Buyer's Guide: BMW 840i/850i (1989-1999)

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Our 850i coupes came with a four-speed auto and a super-sized 1990 price tag of $222,000

BMW’s 8 Series was intended to replace the long-serving 635CSi with a design more relevant to the 1990s and one that helped boost uptake of BMW’s costly V12 engine.

The 850i had its roots in the 1980s; inspired by the M1 competition coupe but with the engine up front and a cabin so luxurious that that BMW’s normally comprehensive options list was virtually empty.

Development costs were a reported DM1.5 billion, including the price of a six-speed gearbox designed by transmission gurus Getrag to deal with the engine’s torque. It would be the first six-speed manual ever fitted to a V12 car.

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Dealer guides suggest that manual cars were available to Australia, however nothing confirms that any were sold. Our 850i coupes came as four-speed autos and with a super-sized 1990 price tag of $222,000.

Slightly shorter than a 635CSi but 130mm wider, the 850i sat on the scales at a robust 1790kg. That made it only 35kg lighter than Jaguar’s much older XJS.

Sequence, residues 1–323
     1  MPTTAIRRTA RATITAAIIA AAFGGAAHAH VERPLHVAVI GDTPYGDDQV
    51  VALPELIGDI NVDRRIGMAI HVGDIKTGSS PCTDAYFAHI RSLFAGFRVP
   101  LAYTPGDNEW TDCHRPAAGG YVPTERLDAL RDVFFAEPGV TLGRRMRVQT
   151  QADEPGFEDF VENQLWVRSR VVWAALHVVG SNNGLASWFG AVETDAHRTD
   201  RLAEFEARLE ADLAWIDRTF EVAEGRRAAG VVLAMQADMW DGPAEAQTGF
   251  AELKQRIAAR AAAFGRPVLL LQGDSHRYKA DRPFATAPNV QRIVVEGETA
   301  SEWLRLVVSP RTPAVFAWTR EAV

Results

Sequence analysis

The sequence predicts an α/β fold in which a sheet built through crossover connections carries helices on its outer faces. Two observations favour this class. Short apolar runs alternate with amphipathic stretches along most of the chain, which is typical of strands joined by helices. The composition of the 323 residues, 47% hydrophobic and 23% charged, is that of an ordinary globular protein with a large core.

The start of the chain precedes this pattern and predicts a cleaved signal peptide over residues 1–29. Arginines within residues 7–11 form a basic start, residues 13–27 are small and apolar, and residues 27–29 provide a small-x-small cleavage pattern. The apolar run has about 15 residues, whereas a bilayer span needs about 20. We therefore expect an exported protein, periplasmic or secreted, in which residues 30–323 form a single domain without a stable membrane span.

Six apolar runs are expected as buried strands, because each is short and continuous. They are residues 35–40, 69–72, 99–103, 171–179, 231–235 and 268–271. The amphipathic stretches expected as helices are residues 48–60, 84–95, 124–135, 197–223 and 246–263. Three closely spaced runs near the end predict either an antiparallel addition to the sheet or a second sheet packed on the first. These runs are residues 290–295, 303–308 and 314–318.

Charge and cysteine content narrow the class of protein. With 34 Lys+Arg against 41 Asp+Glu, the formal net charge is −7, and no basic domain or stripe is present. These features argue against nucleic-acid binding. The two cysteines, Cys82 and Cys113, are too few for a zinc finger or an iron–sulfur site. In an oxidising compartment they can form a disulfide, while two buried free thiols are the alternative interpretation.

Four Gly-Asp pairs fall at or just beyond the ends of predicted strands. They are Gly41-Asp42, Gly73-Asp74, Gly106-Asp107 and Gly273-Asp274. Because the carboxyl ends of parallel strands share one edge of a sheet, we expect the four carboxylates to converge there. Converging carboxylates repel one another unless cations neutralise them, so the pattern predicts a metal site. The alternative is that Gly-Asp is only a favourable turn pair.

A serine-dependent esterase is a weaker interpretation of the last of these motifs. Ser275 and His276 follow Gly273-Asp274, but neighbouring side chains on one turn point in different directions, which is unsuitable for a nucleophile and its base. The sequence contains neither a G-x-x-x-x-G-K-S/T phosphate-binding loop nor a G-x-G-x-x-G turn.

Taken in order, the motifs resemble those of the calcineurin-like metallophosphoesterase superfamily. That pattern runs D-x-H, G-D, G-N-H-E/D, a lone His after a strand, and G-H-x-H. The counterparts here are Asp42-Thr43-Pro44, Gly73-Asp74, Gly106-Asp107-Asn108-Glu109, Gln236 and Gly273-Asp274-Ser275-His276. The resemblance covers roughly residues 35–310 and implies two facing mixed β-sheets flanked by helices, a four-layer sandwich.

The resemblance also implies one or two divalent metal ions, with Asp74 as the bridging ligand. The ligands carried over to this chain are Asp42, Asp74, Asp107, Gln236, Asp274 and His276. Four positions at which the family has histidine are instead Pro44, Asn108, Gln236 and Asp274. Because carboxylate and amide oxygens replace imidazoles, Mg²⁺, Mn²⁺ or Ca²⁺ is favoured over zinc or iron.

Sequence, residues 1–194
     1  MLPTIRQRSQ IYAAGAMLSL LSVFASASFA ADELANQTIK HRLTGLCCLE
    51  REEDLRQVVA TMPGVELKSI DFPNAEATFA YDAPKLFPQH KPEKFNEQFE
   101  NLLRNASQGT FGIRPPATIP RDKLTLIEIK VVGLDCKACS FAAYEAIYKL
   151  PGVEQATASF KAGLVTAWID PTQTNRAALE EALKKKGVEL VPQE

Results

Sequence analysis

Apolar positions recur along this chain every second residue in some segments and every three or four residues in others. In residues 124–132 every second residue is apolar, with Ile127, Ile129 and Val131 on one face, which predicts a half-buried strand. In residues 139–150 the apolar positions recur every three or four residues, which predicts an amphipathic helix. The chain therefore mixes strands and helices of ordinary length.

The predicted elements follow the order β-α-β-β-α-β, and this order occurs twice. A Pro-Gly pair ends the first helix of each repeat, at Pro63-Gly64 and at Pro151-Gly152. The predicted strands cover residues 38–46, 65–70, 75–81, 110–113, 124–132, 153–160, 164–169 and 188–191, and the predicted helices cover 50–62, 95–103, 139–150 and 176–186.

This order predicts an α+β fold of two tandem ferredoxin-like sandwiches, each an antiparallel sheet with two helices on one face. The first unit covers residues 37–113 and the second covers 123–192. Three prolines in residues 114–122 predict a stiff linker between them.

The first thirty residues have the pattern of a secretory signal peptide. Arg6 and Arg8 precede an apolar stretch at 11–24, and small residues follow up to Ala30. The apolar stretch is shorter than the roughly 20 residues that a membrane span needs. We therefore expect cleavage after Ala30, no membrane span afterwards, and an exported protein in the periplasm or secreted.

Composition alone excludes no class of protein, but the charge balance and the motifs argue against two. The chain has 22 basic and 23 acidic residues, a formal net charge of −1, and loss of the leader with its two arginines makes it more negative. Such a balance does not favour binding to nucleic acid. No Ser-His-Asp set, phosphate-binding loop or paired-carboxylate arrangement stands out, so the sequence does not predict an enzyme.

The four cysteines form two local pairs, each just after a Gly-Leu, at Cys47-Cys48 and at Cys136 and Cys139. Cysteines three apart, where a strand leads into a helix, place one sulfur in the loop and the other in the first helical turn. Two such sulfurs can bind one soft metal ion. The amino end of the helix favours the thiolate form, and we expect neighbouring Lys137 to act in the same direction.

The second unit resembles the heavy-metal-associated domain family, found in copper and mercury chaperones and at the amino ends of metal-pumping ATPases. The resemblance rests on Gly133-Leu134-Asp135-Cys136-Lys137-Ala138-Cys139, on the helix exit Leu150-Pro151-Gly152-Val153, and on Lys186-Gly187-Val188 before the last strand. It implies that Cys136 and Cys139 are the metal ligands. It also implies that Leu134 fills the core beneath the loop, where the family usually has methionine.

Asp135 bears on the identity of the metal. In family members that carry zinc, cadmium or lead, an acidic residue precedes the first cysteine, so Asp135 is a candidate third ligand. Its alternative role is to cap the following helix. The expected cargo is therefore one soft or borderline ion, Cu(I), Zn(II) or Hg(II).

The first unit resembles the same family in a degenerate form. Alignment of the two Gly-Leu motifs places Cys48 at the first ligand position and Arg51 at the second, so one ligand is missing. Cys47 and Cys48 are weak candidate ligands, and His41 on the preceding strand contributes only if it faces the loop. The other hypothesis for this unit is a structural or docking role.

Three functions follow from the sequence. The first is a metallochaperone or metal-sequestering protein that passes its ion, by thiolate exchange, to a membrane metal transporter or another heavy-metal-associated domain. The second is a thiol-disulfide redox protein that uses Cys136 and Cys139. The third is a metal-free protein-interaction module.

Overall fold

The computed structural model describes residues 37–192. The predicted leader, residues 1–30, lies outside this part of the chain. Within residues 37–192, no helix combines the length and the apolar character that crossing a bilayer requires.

Largely to blame was the need to provide a pillarless profile while keeping body flex to an absolute minimum. Thicker steel and lots of strengthening did their job well but weight ended BMW’s idea of building a 3.0-litre ‘budget’ model.

| Read next: 30 years of BMW E31 coupe (2020)

If you’ve had an XJ Jaguar and think the independent rear suspension looks a bit complex for what it does, don’t stare too long from underneath an 8 Series. The coil sprung back axle is immense and comes with five locating arms per side. After 1991, Electronic Damping Control that switched shock absorber rates between ‘Sport’ and ‘Comfort’ was added.

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The 840i produced slightly less power (210kW) than the V12 but came with a more modern five-speed automatic transmission. Most are 4.0-litre, but 1995-99 cars used 4.4-litre engines.

Priced $18,000 below than the 850Ci, 840 coupes helped BMW maintain a toehold at the uber-luxury end of the market. After the 850 folded its tent in 1994, the 840Ci maintained a decent sales presence, with 55 new ones registered in a year.

| Our Shed: 1993 BMW 850 E31